A marvellous masquerade ball will be the perfect launch pad for a new charity which aims to provide vital support to teenagers and young adults in Northern Ireland who suffer from congenital heart disease.
BraveheartsNI will host the ball - their first major fund-raising event - on April 11 at The Braid Arts Centre in Ballymena. Those attending will be treated to a champagne reception, dinner & dancing with performances from two members of the Riverdance team.
Clare Caulfield, the Ballymena woman who is spearheading the BraveheartsNI campaign, explained why the focus will be on teenagers and young adults affected by the disease.
“The need for support within this age group really became apparent when my 14 year old daughter, Shealyn, who was born with CHD (Congenital Heart Disease) was due to go into hospital to have her medication changed.
“Throughout her life I have been a fund raiser for HeartbeatNI which supports the children’s heart unit in the Royal Victoria Hospital for sick children and their families but it wasn’t until June 2013 that we realised her link with the children’s unit had virtually ended as there was no provision for patients who had reached the age of 14. In simple terms, she was too old for the children’s unit but too young for the adult ward!”
“Everywhere else in the UK, all the children’s hospitals have provision for teenagers such as chill-out rooms and bright colourful sleeping areas. There is no such provision in Northern Ireland and this meant that Shealyn had to wait until a side room in the adult Cardiac ward became free before she could be admitted!”
That situation became even more frustrating when it was discovered that Shealyn was in danger of heart failure once again.
As a result, she had to stay in the RVH Cardiac Unit for almost two weeks before she could make the journey to Birmingham for her third major heart surgery.
Claire explains: “While she was in the Royal Victoria, I had to stay with Shealyn at all times due to child protection policies.
“She was stuck in a white clinical side room and I slept on a fold back chair. Whilst the room was spotless and the staff excellent it was a far cry from what we were used to coming from the Children’s unit and a huge culture shock for Shealyn. These teenagers feel ‘different’ and secluded in their daily lives and this highlighted how alone they were.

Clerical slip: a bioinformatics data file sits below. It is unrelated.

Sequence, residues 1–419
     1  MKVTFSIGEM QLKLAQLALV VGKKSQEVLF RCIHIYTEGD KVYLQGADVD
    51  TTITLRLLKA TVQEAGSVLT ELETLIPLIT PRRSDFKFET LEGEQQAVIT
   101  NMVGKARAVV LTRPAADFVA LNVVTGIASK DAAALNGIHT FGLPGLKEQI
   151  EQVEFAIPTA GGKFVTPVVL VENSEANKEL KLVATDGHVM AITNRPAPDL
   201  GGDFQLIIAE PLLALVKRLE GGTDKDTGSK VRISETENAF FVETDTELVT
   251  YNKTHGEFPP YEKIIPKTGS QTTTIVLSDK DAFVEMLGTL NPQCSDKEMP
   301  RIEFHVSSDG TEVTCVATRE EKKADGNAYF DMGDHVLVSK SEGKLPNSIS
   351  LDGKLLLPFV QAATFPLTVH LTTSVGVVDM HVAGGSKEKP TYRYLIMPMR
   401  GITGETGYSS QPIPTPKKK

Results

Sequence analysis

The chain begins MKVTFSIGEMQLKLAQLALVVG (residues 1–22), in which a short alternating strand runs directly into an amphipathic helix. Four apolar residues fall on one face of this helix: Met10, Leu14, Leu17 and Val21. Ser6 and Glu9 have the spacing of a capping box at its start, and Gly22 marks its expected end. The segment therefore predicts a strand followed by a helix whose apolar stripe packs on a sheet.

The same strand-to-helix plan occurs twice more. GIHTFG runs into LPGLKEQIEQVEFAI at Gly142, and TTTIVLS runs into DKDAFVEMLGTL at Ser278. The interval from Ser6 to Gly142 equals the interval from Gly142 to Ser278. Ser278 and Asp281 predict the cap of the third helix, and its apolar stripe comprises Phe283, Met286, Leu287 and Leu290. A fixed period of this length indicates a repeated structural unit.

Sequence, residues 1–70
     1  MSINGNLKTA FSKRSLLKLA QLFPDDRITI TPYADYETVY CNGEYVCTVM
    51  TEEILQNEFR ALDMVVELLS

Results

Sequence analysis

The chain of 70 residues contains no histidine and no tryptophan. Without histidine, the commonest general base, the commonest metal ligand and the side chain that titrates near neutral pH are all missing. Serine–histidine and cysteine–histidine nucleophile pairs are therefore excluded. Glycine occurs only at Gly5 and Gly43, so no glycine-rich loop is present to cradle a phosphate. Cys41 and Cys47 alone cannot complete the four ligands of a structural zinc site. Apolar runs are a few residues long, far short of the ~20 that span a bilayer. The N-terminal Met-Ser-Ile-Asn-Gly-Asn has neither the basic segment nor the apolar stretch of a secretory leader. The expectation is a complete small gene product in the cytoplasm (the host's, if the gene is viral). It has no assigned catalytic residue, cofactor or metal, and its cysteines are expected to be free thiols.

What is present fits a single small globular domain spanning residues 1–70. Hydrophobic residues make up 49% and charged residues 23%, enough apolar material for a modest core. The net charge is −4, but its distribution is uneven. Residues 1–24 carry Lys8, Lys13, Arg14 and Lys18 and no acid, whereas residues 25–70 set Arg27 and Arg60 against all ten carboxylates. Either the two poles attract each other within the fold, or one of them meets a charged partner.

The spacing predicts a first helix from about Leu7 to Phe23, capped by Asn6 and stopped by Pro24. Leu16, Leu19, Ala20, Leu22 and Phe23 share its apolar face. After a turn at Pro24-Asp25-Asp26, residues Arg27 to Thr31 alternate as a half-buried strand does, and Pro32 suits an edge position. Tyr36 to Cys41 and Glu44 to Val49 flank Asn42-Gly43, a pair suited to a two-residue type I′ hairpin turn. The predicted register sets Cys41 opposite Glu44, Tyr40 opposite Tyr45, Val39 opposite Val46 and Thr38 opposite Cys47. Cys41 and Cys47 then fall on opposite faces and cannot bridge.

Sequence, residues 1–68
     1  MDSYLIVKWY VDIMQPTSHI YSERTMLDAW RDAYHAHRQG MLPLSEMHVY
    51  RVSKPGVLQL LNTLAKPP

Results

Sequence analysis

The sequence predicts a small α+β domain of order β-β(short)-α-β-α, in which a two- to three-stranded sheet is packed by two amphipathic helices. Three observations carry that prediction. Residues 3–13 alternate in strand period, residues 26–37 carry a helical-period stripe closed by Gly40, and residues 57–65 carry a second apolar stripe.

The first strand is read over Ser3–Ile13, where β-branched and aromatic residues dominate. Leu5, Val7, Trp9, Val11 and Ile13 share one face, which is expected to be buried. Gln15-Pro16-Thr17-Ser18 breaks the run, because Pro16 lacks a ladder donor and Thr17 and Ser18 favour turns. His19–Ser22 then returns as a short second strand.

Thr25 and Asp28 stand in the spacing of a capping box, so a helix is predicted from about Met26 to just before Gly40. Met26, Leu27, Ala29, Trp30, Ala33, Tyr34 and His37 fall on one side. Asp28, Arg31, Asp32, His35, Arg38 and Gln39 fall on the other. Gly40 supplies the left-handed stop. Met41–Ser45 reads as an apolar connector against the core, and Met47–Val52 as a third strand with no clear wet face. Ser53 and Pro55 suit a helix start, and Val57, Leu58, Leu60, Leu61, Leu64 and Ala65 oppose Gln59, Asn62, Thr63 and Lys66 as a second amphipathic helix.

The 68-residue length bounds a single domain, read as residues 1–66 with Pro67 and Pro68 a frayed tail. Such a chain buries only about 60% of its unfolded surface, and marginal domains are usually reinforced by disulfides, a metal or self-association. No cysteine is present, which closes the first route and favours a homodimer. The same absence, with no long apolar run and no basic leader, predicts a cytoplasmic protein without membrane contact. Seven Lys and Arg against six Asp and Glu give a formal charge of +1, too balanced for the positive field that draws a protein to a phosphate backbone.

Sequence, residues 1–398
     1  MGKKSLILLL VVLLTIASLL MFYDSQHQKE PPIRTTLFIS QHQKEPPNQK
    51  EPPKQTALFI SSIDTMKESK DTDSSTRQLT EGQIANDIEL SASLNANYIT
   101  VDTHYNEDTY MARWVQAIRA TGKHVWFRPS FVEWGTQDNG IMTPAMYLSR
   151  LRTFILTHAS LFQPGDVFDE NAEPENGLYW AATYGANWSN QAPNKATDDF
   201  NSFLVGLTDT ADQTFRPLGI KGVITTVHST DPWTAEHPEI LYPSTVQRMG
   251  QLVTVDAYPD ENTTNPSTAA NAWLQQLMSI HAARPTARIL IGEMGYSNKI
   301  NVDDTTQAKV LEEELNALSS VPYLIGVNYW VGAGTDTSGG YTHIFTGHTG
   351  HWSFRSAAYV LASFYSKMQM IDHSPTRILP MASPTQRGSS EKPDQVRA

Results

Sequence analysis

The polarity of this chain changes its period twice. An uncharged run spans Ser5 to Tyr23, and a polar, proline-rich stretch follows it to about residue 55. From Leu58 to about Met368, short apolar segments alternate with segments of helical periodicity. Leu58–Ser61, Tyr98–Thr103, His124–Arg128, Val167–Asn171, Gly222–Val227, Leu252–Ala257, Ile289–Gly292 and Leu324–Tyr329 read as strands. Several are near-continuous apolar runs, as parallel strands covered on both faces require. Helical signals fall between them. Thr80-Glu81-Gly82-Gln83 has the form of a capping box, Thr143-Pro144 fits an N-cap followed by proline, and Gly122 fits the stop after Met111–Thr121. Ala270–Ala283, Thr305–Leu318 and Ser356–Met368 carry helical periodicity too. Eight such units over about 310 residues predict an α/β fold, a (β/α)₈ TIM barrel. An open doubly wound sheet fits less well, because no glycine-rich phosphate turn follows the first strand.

“The Liaison Nurse told me of a young teenager who was admitted for a couple of months from a carehome and he was so traumatised he didn’t speak for four days. He had no one to visit him, no toothbrush or money for the shop. The LN bought his toiletries etc out of her own money. He had no way of communicating with his friends as he didn’t have a mobile.”
This vision played on Claire’s mind and was to be the spark for the BraveheartsNI initiative.
“While Shealyn was hooked up to all the machines she remained as safe and as happy as she could be because she had company and lots of social media tools to occupy her time. I couldn’t help contrast her experience with that of the young boy from the carehome. It highlighted the major gap of what is lacking in Northern Ireland for teenagers and young adults facing heart disease.”
The realisation that more needed to be done to bridge this care chasm led Claire down the path which would eventually lead to the birth of BraveheartsNI.
“While all this was going on, I had applied to Sainsburys in Ballymena to consider HeartbeatNI as their charity of the year and we were fortunate enough to be selected. From our partnership we have given birth to BraveheartsNI which we will launch at the Masquerade Ball in April.
“The staff in Sainsburys Ballymena have been incredibly enthusiastic about this venture and we believe that the sky is the limit with BraveheartsNI. It’s very exciting and obviously desperately needed in Northern Ireland.”
Shealyn had her third open heart surgery in Birmingham last September.
“This involved the transplantation of mechanical valves which required lengthy but thankfully successful surgery - even though the ticking makes her sound like a clock when she is in the same room as you!,” says Claire. “Her recovery is slow and at times hard. Dealing with the medical condition is hard enough so our aim through the work of BraveheartsNI is to ensure that teenagers and young adults in Northern Ireland will have, at the very least, what their counterparts in the rest of the UK get to enjoy in terms of accommodation for them and their families.